Currently enjoying “Doctorin’ the Tardis” by the Timelords
It’s the sort of thing that seems laughable until it actually happens. Who would have thought that a single that was little more than a blend of an anthem by Gary Glitter and the theme from Doctor Who would rocket to the top of the UK pop charts?
Certainly not the Timelords, better known as the KLF. Although they brilliantly satirized the experience after the fact as a foolproof plan in The Manual, it’s a safe bet that they were as surprised as anyone by the track’s success.
And to be fair, although it’s arguably the duo’s most notable work, it’s far from their best. Musically, The White Room and the Chill Out album easily trump it. “Doctorin the Tardis” is remarkable, sure, but more in the sense that the KLF’s decision to burn a million pounds was remarkable.
The CD version of the single stretches the premise to its limit. It’s good, and it’s catchy, but the sheer duration of it wears it down. A four-minute version of the track, for example, is perfect, while a 12″ mix exceeding eight minutes pushes the limits of the gimmick.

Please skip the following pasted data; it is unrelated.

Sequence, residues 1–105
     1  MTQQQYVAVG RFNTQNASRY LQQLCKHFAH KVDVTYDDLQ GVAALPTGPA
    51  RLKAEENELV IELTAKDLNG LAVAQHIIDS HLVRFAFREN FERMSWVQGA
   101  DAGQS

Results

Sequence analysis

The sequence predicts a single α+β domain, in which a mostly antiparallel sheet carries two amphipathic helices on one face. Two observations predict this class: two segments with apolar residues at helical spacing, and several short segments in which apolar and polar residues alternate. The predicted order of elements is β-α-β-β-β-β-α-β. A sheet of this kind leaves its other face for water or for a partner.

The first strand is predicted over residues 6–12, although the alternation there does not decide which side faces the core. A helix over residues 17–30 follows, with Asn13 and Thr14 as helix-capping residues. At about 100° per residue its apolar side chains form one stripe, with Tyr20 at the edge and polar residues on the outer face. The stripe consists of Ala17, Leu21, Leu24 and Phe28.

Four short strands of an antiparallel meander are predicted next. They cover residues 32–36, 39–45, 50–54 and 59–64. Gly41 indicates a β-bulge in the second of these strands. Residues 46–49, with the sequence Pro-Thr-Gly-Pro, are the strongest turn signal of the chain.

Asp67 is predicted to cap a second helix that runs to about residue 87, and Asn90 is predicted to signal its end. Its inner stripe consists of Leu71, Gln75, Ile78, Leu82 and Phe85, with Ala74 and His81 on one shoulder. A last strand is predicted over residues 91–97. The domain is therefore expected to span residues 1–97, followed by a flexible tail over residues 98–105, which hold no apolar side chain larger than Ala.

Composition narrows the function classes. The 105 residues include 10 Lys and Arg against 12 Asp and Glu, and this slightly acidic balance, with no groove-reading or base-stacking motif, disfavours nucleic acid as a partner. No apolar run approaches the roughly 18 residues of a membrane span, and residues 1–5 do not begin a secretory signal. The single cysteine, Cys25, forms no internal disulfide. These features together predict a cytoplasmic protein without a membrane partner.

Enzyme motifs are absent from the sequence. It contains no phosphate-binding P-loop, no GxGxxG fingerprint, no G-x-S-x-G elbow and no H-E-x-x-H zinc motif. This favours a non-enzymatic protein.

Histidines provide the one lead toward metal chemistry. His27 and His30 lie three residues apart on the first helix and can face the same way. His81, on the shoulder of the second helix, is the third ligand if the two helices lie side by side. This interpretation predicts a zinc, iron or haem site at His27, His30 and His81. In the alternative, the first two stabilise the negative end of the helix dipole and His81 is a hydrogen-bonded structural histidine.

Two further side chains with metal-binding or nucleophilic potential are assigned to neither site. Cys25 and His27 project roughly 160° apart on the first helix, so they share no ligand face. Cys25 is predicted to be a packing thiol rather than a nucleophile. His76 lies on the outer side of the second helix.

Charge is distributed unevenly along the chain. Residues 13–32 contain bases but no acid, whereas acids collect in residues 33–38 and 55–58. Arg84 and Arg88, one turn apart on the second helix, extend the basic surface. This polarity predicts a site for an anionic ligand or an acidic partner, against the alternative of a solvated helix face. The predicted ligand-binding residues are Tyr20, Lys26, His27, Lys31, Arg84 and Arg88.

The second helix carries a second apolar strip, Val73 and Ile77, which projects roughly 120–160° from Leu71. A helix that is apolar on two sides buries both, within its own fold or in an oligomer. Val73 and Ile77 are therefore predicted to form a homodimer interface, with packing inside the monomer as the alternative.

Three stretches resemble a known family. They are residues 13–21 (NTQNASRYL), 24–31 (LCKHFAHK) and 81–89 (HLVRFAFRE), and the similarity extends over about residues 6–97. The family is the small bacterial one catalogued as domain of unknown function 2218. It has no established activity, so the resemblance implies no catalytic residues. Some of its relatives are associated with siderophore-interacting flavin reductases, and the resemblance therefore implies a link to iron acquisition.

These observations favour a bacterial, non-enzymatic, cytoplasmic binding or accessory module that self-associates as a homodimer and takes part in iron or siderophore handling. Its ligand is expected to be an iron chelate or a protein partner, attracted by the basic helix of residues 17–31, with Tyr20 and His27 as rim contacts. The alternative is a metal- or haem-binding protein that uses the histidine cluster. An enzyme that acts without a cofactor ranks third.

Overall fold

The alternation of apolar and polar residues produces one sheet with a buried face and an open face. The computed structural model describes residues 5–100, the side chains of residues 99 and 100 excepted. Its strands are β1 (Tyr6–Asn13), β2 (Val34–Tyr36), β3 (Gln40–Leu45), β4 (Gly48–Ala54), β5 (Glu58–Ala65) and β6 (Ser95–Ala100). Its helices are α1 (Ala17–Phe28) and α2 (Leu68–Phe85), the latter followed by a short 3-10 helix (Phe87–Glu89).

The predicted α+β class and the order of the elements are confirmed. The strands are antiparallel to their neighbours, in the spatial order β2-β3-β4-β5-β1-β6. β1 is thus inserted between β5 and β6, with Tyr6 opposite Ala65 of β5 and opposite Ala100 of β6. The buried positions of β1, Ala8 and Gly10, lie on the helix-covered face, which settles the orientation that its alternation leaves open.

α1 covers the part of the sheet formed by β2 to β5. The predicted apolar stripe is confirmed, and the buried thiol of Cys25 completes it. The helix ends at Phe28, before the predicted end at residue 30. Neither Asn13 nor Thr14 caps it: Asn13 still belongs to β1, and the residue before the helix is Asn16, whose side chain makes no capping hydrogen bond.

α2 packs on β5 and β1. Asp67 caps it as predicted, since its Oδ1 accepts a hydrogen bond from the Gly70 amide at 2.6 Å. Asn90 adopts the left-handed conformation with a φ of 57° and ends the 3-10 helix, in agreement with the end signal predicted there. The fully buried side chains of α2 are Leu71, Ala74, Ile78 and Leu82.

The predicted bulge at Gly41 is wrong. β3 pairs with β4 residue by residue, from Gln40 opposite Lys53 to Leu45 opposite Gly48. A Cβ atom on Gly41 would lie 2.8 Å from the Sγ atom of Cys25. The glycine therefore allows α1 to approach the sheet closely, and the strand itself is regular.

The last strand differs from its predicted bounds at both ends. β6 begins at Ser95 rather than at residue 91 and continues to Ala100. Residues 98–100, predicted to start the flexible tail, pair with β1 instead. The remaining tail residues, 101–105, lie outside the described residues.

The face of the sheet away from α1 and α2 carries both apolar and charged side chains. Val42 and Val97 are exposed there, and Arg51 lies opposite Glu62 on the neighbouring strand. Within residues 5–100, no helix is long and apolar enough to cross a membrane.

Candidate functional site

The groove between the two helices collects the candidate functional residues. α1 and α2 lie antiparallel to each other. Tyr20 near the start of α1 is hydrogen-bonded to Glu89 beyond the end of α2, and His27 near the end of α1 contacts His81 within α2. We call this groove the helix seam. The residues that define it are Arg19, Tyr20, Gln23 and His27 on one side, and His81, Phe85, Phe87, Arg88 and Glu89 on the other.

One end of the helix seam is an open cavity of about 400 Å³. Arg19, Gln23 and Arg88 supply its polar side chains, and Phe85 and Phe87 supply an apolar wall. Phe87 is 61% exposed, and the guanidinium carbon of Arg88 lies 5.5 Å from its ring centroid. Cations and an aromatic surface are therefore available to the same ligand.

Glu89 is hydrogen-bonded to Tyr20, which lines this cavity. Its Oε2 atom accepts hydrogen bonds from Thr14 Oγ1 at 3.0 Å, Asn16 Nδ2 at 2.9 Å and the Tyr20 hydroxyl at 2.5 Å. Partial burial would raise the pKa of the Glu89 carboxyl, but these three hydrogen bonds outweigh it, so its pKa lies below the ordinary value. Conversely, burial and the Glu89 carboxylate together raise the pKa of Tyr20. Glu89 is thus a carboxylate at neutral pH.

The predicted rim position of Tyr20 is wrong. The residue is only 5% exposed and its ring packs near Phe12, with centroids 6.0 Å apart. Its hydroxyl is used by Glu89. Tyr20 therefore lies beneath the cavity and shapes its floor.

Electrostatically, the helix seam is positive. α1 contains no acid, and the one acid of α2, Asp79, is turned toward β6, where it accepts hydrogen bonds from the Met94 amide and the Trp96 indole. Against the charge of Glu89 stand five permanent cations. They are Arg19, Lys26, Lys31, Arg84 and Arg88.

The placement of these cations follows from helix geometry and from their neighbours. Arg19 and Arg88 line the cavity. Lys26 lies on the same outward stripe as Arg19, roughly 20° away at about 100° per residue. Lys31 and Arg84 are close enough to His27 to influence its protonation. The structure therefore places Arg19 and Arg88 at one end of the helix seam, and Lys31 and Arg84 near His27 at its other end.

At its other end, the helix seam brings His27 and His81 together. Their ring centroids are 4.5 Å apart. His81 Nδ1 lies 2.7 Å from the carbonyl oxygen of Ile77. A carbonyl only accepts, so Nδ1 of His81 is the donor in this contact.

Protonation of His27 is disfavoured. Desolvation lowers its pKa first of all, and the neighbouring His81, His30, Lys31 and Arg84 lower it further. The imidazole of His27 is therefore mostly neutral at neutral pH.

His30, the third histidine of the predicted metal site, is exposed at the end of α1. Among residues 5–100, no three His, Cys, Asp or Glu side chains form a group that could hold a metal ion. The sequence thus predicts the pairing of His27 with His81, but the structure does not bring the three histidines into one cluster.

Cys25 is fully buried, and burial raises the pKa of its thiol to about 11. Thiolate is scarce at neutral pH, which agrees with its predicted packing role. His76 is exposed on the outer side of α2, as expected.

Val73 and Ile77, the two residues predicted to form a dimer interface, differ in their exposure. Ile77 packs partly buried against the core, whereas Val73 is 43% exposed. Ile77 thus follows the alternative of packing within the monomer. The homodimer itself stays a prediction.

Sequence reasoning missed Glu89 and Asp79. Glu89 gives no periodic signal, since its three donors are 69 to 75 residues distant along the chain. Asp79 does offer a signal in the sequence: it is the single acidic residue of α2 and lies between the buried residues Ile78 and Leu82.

Toward the end, we get a remix called “Gary Joins the JAMs” that leans a little too heavily on the persona of an artist who’s since become regrettably synonymous with pedophilia. The instrumental version that follows, which is far more aligned with the Doctor Who side of the equation, cleanses the palette and wraps the disc up nicely.
In the middle of the mix, you’ve got the original version of “What Time is Love?” This version of the major KLF single, while novel and ambient in a fun way, is a demo at best compared to the finished product. Indeed, it sounds like an early Orb track, which makes sense in light of the fact that Jimmy Cauty was doing double duty among both groups at around that time.
What made that track great was the KLF’s risky leap into their much-loved pop music conventions. Yes, the rap lyrics were an improvement on the rather subdued instrumental version, but the true innovation was the addition of massive, utterly fake crowd response. Because of its use on this track and others, the KLF are credited with inventing the “arena house” genre – a rather silly designation that could only be applied to groups like 2 Unlimited these days, but an important milestone for the KLF nonetheless.
In the end, that’s what set the KLF apart from their contemporaries. Not the music they made, but the spirit in which they made it. For all the cynicism and subversion inherent in The Manual, for example, these guys had a love for pop music that no flash in the pan could claim, let alone replicate. In the end, it was likely that unashamed recognition for what people consider fun that made “Doctorin’ the Tardis” a winner.
Posted in Currently Enjoying